Harford Democrats termed fringe party, shut out of redistricting

Charter gives all the redistricting seats to Republicans

February 17, 2011|By Mary Gail Hare, The Baltimore Sun

As Harford County begins its redistricting, a legal provision aimed at limiting the influence of small, single-issue parties is being applied to Democrats, who make up nearly half of the county's registered voters.

Democrats, who have seen their power steadily decline in recent county elections — and fielded few candidates last year — are now considered a fringe group under redistricting law. Tuesday night, the Republican-dominated County Council shut them out of the committee that will shape council districts for the next decade.

"Republicans here are so tea-partied up that they think they don't even have to include us," said Wendy Sawyer, chairwoman of the county's Democratic Central Committee. "This originally was a clear attempt to keep fringe parties from participating in redistricting. To suggest that we are a fringe party is outrageous."

But council members from both parties acknowledged that the exclusion of Democrats was due to a quirk in county law and that there were few options in shaping the redistricting committee. After nearly an hour of debate at Tuesday's session, the County Council voted 5-2 along party lines to seat three Republicans and reject two Democratic nominees.

According to a provision in the county charter, a party must poll at least 15 percent of total votes in the council election to be eligible for a seat on the committee that will recommend new boundaries for the six council districts. Democrats, who did not field candidates for council president or in three of the six council district races, accounted for less than 12 percent of the total votes.

"If you permit a party with less than 15 percent of the vote, there would an argument for seating members of the Green Party, the Libertarian Party … all could argue they would be disenfranchised," said Councilman Richard Slutzky, a Republican who represents Aberdeen.

Sawyer said the Democrats were caught off guard by the provision.

"Nobody realized the consequences of not fielding candidates," she said. "If we had, we would have challenged the charter as it is written at that time."

The central committee, with support from the Maryland Democratic Party, has threatened to file suit and demand representation on the committee, she said.

For about a half-hour prior to the session, about 20 Democrats gathered outside, some holding signs that read "MAKE REDISTRICTING FAIR."

"This is about the arrogance of power," said George Harrison of Bel Air, one of the Democrats whose nominations were rejected. "We are challenging an effort to basically disenfranchise half the county."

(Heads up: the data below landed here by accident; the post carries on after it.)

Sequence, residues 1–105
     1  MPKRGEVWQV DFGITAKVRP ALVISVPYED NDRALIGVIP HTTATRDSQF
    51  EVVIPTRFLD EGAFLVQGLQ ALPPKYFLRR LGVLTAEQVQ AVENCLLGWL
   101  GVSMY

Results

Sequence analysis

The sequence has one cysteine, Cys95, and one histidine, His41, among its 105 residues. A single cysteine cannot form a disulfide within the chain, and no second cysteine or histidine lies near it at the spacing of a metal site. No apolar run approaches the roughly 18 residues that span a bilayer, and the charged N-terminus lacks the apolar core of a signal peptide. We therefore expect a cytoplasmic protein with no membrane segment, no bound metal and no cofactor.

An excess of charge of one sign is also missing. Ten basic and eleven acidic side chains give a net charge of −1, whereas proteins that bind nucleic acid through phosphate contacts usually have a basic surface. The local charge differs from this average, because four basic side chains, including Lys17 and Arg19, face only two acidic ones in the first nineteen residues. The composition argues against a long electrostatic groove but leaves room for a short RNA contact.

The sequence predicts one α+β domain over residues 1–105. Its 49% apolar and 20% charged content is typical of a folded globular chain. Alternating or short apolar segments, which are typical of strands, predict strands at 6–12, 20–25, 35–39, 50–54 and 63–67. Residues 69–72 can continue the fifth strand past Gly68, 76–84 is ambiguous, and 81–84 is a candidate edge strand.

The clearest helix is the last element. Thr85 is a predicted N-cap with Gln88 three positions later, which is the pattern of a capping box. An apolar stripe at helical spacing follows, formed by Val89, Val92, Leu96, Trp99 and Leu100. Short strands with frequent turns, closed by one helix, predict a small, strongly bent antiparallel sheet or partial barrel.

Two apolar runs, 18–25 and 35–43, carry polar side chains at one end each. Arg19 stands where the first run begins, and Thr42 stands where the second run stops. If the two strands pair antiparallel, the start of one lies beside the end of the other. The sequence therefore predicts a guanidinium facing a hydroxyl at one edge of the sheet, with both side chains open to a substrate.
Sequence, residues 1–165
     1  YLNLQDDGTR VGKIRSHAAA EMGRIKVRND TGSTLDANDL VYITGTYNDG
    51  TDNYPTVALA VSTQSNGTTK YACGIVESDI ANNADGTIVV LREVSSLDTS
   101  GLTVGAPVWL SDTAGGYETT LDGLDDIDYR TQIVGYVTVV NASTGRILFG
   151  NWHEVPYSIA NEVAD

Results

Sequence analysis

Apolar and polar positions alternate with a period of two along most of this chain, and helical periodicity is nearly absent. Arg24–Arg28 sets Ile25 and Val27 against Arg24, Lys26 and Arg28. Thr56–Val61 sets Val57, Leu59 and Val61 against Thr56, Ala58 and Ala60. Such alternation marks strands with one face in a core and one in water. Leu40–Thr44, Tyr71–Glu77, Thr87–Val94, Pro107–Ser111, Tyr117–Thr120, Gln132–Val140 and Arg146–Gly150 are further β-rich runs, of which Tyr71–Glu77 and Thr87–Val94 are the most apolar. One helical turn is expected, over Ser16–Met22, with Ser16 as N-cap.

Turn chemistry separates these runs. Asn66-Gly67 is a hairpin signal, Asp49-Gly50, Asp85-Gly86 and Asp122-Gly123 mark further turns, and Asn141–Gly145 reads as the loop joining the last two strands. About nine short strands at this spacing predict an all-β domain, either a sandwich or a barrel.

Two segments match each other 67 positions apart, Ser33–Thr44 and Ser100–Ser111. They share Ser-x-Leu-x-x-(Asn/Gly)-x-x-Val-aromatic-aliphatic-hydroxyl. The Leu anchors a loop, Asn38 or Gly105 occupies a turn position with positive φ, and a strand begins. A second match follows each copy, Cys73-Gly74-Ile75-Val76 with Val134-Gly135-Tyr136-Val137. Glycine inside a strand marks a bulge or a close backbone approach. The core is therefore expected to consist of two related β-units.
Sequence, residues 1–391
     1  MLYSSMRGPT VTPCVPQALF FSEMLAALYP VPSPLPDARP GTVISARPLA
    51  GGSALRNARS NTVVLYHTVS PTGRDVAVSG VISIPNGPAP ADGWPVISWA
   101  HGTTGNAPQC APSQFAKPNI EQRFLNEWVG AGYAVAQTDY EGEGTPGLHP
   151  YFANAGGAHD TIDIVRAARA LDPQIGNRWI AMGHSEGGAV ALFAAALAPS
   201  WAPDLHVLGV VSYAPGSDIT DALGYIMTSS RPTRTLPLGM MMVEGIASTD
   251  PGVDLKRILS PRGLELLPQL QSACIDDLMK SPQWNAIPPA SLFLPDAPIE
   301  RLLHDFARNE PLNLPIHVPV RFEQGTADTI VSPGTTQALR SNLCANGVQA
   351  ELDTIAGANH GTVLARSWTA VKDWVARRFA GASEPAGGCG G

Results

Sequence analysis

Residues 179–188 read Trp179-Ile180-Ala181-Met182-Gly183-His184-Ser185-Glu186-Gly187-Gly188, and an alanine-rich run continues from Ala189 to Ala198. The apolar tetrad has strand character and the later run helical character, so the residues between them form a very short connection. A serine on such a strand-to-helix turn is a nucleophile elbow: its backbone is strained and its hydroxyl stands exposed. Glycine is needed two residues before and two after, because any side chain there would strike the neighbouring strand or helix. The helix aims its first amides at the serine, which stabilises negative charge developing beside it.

Registered Republicans outnumber Democrats by less than 1,500 in a county with more than 125,000 voters. Parties around the state and nation view redistricting as a crucial process to align voters in a way that can benefit their candidates.

County Council President Billy Boniface said he expects a legal battle.

"The county has to do what is best for the citizens of the county. We took an oath to uphold the charter," he said. "I relish a court challenge."

Less than two decades ago Democrats held nearly every elected office in Harford County, but have lost substantial power. In last year's election, the party ceded the highest posts — including county executive — to Republicans without even fielding contenders. Democrats hold two council seats; the council president, elected at large, is a Republican.

The county charter provision on redistricting was not revised in 2000, when voters supported a referendum for election by district.

"I have serious questions about the way the charter was written," Republican Councilman James V. McMahan, who represents the Bel Air area, said before the meeting. "If we follow the charter, we have no choice but to appoint Republicans. … We really are between a rock and a hard place.

Democratic Councilwoman Mary Ann Lisanti of Havre de Grace said after lengthy review of the issue, she, too, has "serious concerns about the constitutionality of the charter."

Sawyer said she submitted the names of five Democrats to the council for consideration, but was told by the county attorney and by the council administrator that those names would not be considered. That correspondence was only recently shared with the council, several members said.

Lisanti said she would prefer the appointments to the redistricting committee were based on number of registered voters and not on votes cast. The issue has prompted many calls for an in-depth review of the county charter.

"Why are we determining the validity of this commission based on the outcome of an election, where voters often cross party lines?" she asked.

A previous version of this story did not accurately describe the origin of the Harford County charter. The county changed from a commissioner government in 1972, after voters approved a charter, written by an elected, five-member, bipartisan commission. The first county executive and council were elected at large in November 1972. In 2000, voters approved a charter referendum to elect six council members by district and the president at large. The charter includes a clause requiring a political party to poll 15 percent of the votes in the council election to be eligible for a seat on the redistricting commission.

mary.gail.hare@baltsun.com

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